PURE BS> advertising gimmick, kinda like the "IT" which later became the (i forgot the name of that 2-wheeled stabilized cart)
They write "Steorn has decided to publish its challenge in The Economist because of the breadth of its readership. "We chose it over a purely scientific magazine simply because we want to make the general public aware that this process is about to commence and to generate public support, awareness, interest etc for what we are doing."
They chose not to write a scientific article and submit it to a technical journal for peer review which is the best way to get their technology reviewed, rather than this nonsense of generating a public demand and pressure.
They chose a popular news magazine rather than a scientific journal because they will be exposed more slowly this way. (Not that there's anything wrong with that.)
Omg. They really built up curiosity with that one! It turned out to be some kind of stupid little scooter. They even had visions of cities being built just to accommodate it. That was a huge let down.
This represents a significant challenge to our current understanding of the universe and clearly such claims require independent validation from credible third parties. During 2005 Steorn embarked on a process of independent validation and approached a wide selection of academic institutions. The vast majority of these institutions refused to even look at the technology, however several did. Those who were prepared to complete testing have all confirmed our claims; however none will publicly go on record.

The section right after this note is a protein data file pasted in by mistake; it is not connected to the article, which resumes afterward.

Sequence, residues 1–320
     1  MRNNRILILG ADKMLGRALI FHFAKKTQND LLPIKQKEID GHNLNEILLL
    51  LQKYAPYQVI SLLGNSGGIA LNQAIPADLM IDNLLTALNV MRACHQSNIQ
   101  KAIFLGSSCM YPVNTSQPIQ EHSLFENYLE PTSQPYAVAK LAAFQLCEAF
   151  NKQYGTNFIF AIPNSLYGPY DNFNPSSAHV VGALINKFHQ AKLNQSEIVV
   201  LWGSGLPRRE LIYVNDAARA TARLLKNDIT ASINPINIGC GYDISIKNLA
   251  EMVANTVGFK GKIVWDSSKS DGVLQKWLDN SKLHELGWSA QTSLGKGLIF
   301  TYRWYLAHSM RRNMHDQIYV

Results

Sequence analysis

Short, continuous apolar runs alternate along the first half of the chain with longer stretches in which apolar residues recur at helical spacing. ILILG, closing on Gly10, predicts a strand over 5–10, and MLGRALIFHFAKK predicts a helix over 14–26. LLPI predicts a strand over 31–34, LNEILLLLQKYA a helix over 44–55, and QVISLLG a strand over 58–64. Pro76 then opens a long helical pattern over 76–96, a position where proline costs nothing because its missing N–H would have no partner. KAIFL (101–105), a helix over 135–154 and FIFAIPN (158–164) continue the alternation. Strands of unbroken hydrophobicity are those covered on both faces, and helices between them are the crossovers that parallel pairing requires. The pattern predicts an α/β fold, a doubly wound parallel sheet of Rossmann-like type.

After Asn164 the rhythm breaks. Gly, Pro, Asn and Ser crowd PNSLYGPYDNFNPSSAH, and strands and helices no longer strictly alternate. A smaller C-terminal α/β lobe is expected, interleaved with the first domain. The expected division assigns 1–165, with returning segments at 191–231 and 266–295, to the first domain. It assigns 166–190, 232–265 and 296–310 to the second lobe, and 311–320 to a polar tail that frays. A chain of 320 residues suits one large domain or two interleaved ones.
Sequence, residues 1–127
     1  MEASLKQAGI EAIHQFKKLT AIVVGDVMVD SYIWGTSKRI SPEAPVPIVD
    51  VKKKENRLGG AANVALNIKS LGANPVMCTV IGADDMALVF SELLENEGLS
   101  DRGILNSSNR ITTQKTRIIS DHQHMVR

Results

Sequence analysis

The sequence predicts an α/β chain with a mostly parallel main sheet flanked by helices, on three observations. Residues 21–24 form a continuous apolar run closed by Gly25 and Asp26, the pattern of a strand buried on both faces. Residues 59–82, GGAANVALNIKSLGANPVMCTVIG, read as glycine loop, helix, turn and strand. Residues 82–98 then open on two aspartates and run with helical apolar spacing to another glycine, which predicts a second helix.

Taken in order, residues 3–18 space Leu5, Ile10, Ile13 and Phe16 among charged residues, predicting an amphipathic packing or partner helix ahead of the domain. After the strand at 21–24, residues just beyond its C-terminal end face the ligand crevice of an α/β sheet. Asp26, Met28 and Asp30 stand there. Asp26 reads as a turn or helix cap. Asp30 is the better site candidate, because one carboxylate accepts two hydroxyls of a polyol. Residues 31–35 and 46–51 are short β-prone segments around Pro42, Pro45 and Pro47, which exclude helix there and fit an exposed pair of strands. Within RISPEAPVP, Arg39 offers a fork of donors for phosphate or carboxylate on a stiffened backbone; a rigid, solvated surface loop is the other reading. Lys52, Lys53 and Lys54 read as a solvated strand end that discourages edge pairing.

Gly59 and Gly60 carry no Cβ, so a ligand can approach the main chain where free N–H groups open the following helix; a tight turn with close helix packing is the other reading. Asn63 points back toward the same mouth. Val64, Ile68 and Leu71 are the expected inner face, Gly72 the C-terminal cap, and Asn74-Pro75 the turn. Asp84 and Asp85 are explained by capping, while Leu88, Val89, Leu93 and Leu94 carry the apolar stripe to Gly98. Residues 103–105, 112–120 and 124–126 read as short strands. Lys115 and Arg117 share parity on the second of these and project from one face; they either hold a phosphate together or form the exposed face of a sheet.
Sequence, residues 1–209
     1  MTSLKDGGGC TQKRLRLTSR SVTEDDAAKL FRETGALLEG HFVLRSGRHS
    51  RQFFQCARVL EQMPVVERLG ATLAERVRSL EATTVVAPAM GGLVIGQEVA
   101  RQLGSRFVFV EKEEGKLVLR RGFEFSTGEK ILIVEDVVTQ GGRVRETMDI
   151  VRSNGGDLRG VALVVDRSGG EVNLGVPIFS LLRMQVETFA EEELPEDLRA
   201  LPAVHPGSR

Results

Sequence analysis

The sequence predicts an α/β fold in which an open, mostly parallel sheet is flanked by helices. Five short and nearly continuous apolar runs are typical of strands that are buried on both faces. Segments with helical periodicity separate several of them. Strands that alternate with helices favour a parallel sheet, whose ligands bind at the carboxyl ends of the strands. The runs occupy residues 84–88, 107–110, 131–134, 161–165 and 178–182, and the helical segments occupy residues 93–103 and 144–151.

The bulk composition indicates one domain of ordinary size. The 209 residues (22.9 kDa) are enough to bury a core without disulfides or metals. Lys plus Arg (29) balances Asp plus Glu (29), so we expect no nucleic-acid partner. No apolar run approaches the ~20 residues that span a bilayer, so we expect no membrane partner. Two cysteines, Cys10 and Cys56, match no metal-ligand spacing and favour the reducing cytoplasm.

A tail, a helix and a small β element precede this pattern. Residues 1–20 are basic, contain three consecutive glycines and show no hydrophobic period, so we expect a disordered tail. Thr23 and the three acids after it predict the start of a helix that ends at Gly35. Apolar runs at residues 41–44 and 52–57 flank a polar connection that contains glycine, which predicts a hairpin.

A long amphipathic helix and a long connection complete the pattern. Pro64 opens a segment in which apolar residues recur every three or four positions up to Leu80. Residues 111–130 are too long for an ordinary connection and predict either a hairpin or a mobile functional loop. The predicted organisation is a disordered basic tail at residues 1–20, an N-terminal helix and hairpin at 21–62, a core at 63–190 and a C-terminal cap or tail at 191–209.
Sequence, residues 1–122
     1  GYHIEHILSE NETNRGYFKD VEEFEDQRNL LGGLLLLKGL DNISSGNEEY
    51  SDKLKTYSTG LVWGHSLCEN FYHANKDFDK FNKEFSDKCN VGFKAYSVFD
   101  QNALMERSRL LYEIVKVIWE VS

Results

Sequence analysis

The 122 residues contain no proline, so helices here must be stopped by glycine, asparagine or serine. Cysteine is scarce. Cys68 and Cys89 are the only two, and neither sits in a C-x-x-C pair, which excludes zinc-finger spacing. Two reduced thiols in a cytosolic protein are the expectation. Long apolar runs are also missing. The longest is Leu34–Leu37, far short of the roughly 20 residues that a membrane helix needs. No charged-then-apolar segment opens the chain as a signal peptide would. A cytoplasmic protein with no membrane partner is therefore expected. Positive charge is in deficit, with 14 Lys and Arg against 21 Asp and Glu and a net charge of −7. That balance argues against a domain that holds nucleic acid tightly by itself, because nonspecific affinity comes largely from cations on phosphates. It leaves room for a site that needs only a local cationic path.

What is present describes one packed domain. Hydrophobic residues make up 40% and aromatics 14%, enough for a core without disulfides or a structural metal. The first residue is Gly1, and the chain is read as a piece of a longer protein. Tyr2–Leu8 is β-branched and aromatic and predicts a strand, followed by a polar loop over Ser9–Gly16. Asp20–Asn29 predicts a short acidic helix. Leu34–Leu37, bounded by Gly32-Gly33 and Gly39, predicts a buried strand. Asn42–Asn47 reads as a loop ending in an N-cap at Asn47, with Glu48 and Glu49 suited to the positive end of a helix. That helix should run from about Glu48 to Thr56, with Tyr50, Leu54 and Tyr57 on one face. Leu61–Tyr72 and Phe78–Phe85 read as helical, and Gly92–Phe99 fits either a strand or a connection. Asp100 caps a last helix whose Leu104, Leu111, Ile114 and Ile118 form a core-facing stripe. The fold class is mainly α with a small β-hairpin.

Sounds like the peers refused to even look at it. So they went to a more public forum to get someone to compel some peers to review it.
They themselves agree it appears to violate the Principle of the Conservation of Energy, under the laws of physics as we know them. But are we saying that we know everything there is to know about the universe and the laws that govern it?
What's it going to cost to take a look, considering the potential bennefits if it does?
If it doesn't work; it doesn't work and we move on. If it does....
It smells like they are looking for investors more than scientific approval. "If it seems to good to be true it probably is."
They wouldn't need investors if this worked. Once you build one it can be used to generate energy which is in turn sold for cash. Generate enough cash and you build the second to generate more energy for more cash. Kinda like the alfalfa growing in Catch 22.